Sophomore Seminars

Decolonizing Global Health

MED 54Q

In this seminar, we will look at how global health discourse has changed over the years, and discuss possible future directions for global health exchanges.

This course will introduce students to the various definitions of global health from colonial times, through international health, tropical medicine and now global health. We will consider what moral imperative leads to global health work, and how conventional thought about the relationships between providers, patients and systems in the global North and South is shifting.

Global health has transitioned through various stages. In the 1800s, missionary doctors provided medical care while also spreading religion and colonial interests. During the twentieth century, great strides were made in sanitation and infectious disease treatment as part of systems and government based “international health” and “tropical medicine.” Paradoxically, in the last two decades, as the world becomes more intertwined, “global health” has generally involved shorter term encounters, usually with specialists at the vanguard. With the epidemiological transition and increasing communicable disease prevalence in developing countries, systems strengthening and capacity building are the main priorities. It is argued that the current global health infrastructure does not focus on building long term partnerships, or assign equitable worth to participants from the global North and South. We will investigate how effective our current efforts are, and think critically about the meaning of “decolonizing global health” as regards population outcomes and the flow of resources.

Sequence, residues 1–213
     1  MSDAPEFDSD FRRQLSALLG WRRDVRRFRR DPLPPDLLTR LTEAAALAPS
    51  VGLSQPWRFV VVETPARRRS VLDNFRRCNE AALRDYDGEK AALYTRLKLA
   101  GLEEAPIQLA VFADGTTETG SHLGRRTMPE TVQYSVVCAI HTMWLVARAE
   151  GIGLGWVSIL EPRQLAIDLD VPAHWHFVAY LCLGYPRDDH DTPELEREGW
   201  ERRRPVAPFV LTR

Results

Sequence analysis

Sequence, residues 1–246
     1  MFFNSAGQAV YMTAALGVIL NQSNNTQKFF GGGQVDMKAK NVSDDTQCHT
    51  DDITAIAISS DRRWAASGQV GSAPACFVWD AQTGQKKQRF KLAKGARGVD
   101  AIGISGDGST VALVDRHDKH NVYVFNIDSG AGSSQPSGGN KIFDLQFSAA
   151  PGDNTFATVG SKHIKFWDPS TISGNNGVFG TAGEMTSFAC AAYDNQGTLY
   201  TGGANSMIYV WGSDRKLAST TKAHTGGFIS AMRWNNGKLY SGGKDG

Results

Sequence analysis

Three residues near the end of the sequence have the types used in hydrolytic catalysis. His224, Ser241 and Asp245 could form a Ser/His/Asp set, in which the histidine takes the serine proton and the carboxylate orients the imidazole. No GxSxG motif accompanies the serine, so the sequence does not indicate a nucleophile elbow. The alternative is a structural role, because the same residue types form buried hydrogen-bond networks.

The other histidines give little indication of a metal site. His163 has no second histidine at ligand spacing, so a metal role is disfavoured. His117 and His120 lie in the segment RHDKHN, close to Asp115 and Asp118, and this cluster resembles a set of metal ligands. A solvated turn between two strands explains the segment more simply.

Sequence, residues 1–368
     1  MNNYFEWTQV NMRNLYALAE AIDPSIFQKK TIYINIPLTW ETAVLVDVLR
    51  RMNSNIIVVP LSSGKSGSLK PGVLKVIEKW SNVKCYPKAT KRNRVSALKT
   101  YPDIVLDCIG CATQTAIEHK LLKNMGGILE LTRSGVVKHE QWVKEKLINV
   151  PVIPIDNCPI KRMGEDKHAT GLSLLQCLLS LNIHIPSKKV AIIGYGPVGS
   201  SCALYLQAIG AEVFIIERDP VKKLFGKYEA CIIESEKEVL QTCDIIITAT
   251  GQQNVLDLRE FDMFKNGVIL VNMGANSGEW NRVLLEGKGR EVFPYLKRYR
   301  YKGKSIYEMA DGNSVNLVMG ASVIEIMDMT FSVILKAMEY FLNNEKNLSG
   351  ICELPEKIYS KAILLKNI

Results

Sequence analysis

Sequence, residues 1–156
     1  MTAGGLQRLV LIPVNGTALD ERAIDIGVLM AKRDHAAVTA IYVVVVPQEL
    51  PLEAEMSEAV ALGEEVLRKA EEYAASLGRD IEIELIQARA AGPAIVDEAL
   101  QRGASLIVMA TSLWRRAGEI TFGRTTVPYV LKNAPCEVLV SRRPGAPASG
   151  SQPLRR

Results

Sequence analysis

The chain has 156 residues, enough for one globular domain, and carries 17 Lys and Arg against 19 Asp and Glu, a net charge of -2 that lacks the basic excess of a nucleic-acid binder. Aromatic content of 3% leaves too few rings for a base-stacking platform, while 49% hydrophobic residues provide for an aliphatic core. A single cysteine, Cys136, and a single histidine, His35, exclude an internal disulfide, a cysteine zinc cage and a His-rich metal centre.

We will review each of these stages in global health development, and use examples of long-term partnerships that have yielded considerable success, such as Partners in Health (PIH) and Academic Model Providing Access to Healthcare (AMPATH). Guest speakers from primary care fields and with global health backgrounds will stimulate further dialogue and speak from their experiences on the front lines.

 

Meet the Instructor(s)

Takudzwa Shumba

"I am a family medicine doctor, who delights in care of the entire family, with particular interests in preventative medicine, women's health, pediatrics and global health.

"I was born and raised in Zimbabwe, and moved to the US for my college education. I studied Biology at Yale, but my interest in making a difference in the health of others steered me away from bench work. I did projects in international public health work, and obtained a Master’s in Public Health focusing on Global Health. I came to Stanford for medical school, and have been here since. I have been involved in public health projects in Zimbabwe, Hong Kong and mainland China. I currently spend part of the year caring for patients and involved in medical education in Kenya. As an African doctor trained in the US, I frequently think about the flow of power and resources, and how we can work towards achieving global health equity and working towards better health throughout the globe.

"In my spare time, I am a voracious reader, amateur runner/ Marathon weekend warrior and enjoy knitting and designing ways to keep my cacti alive during rainy winters."